10 Steps to Working a Room

by Michael on August 13, 2009 · 0 comments

You'd think showing up naked to the networking lunch would offer a natural conversation starter... (Photo by earcos)

You'd think showing up naked to the networking lunch would offer a natural conversation starter...turns out it just makes people uncomfortable. (Photo by earcos)

One of the greatest indications of a high status (or “alpha”) male is his ability to work a room: somehow meeting everyone at a party or function and drawing them into interesting conversation.

When you can walk into a room full of strangers and engage them in discussion, you’ll be perceived as a leader by men, and desired by women — in fact, this skill set is a part of any decent pickup artist’s repertoire. You can make more business contacts and make new friends as well, and as you practice your confidence level will skyrocket.

The basics are simple:

  1. Be on the lookout for interesting things. You’ll use them as conversation starters (or “openers”). The best way to start a conversation is with a question (“Is that an actual Pollock on the wall?”). This is where being observant pays dividends.
  2. Ask open-ended questions (“How do you know [the host]?” “What did you think of [city they’ve been to]?”) that encourage people to talk about themselves, even at a business networking function. When you seem interested in someone, they perceive you as interesting.
  3. Be the leader. Move around the room, starting multiple conversations. Your goal is to be less of a guest and more of a host. Take it upon yourself to make sure everyone’s having fun and/or making connections.
  4. Watch your body language. Make eye contact, smile, keep your body “open” (no crossed arms). Don’t “hotbox,” or stand directly facing one person: this prevents others joining you, and can make that person feel uncomfortable. Instead, stand slightly at an angle to them.
  5. Avoid permanently joining a “huddle” or “rock pile.” While it may feel comfortable, it prevents you from achieving your goal of meeting new people. You can talk to the same person more than once, however…
  6. Draw people you previously spoke with into your new conversations. As they approach or pass by, greet them by name, ask if they know the person you’re now speaking with, and then tell them what you’re discussing.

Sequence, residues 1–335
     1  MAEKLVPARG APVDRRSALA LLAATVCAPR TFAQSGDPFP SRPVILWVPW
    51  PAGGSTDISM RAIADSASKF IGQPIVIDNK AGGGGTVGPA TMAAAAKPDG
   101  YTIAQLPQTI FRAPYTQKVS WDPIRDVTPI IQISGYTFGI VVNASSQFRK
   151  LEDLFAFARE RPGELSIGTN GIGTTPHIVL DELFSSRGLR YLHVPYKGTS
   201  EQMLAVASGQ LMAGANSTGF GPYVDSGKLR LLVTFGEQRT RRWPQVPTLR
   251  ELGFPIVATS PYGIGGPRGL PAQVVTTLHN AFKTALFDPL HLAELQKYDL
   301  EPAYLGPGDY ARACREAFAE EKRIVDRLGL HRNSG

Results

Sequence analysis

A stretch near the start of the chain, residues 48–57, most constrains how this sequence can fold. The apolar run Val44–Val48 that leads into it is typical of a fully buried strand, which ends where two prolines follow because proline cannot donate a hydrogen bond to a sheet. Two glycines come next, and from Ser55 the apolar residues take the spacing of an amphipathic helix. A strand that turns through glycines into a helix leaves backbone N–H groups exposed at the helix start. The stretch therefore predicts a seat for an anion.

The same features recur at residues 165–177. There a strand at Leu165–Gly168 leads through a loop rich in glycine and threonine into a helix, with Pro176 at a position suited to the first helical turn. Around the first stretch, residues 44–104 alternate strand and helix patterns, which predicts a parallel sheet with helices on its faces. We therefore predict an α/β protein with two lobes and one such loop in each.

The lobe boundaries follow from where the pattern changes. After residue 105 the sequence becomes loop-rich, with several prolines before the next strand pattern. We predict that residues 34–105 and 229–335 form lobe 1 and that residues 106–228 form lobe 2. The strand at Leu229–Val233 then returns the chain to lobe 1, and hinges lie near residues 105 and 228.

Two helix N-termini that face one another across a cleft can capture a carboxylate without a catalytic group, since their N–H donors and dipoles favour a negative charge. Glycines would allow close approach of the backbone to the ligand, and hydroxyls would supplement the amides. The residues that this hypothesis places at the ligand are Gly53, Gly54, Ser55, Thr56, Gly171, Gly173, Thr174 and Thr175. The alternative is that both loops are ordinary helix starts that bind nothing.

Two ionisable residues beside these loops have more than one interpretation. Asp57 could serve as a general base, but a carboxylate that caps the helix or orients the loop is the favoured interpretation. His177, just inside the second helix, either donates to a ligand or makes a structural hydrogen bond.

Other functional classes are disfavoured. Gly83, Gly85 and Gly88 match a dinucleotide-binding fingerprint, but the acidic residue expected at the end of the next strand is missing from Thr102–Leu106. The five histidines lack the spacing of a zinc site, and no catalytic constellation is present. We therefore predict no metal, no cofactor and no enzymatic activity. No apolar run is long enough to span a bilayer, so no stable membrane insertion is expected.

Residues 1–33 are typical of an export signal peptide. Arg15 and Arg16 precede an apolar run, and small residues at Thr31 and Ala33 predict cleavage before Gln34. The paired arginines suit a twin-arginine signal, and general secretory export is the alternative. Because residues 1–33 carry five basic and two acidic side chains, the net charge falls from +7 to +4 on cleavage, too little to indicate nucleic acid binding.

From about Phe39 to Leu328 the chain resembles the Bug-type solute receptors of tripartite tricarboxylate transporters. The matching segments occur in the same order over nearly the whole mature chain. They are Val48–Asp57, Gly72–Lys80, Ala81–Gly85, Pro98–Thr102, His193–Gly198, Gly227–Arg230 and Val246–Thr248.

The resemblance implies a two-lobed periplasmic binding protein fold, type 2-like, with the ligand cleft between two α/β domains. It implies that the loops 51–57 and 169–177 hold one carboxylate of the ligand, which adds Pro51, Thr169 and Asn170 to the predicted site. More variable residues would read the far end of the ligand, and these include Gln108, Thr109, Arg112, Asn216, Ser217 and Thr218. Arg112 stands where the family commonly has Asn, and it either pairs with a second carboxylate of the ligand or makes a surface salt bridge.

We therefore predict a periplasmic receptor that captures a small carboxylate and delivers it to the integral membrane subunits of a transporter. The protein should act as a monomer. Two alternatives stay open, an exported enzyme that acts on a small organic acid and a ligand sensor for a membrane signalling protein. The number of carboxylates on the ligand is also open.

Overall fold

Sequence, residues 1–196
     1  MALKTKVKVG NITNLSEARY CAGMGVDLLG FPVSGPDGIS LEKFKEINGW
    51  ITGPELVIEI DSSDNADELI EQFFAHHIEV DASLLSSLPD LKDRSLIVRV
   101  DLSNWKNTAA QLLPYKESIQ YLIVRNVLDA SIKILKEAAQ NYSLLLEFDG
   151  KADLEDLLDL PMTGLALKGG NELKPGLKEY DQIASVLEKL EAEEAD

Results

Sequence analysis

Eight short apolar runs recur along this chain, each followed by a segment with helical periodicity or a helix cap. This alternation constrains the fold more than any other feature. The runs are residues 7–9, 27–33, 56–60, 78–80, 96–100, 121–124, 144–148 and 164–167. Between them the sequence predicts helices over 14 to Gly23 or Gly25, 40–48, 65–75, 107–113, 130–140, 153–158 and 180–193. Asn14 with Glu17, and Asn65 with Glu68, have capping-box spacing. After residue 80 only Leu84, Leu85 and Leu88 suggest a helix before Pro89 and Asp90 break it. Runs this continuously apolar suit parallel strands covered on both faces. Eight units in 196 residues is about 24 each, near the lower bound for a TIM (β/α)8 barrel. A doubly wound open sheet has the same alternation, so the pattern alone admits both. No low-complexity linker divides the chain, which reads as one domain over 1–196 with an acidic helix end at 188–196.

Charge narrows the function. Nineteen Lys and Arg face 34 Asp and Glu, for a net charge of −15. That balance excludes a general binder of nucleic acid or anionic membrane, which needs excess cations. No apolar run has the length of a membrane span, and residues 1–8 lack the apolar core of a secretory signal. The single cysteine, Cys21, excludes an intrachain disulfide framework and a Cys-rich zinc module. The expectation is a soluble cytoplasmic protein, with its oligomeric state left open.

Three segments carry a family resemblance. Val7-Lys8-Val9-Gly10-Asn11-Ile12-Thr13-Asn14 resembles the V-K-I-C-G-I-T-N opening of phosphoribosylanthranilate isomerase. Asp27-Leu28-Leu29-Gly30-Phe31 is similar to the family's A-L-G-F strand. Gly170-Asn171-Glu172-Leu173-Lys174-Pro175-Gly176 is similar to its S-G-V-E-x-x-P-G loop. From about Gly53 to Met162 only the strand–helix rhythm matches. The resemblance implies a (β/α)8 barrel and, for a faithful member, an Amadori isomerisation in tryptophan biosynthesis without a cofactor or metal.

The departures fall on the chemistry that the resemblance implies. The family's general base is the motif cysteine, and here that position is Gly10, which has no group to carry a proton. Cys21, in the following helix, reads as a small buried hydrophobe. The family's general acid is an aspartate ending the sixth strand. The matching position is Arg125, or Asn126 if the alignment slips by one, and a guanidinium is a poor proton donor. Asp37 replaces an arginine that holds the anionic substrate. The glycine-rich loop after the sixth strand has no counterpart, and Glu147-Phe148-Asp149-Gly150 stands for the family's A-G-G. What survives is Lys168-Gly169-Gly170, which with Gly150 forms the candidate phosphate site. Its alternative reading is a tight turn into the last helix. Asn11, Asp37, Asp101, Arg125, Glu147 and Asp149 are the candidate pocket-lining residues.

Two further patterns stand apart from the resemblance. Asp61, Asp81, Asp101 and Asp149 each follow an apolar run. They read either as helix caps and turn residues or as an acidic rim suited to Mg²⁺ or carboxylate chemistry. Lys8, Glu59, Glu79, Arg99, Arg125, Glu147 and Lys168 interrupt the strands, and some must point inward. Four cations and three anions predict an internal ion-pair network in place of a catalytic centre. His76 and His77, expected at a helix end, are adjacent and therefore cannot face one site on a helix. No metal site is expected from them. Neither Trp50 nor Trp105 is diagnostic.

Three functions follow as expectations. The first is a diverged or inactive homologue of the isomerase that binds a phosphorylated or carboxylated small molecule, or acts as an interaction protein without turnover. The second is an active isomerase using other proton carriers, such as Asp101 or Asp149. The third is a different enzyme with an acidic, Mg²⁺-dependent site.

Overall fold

7. The first time you talk to someone, you’re a stranger; the second time, you’re a friend. This may be oversimplifying, but familiarity is a positive.
  8. When you’re nervous, use it as a bonding tool. People thrown together as strangers are often nervous themselves, and empathy forms a strong connection.
  9. Watch baristas and bartenders. They’re paid to be social. Small-company CEOs and “outside” salespeople also have jobs that depend on befriending others, but they’re harder to follow and observe.
  10. Practice! Parties, business networking events, checkout lines, the dining hall or cafeteria — you can meet people anywhere. When I was building my skills I signed up for every business networking event I could find: there are always people who will be happy to meet you at networking events.

The basics (which are really all you need: details fill themselves in as you practice) are all here in this video from the Ignite! series. Note that the speaker isn’t someone you’d guess would be a master (mistress?) at working a room:

There’s more, with a business angle, in this short article from GigaOM, geared towards the entrepreneur but valuable to any guy who wants to build confidence and/or his social circle. From there it’s easy to visualize meeting people and having fun — emphasis on the fun — anywhere you go.

If you’re interested enough to want some in-depth networking advice, the book I own is Work the Pond by Darcy Rezac. It’s easy, quick reading and a great reference you can return to as you practice.

How to Work the Room [GigaOM]

How to Work a Crowd by Alexis Bauer [Ignite] (via Lifehacker)

Work the Pond! Use the Power of Positive Networking to Leap Forward in Work and Life [Amazon.com]

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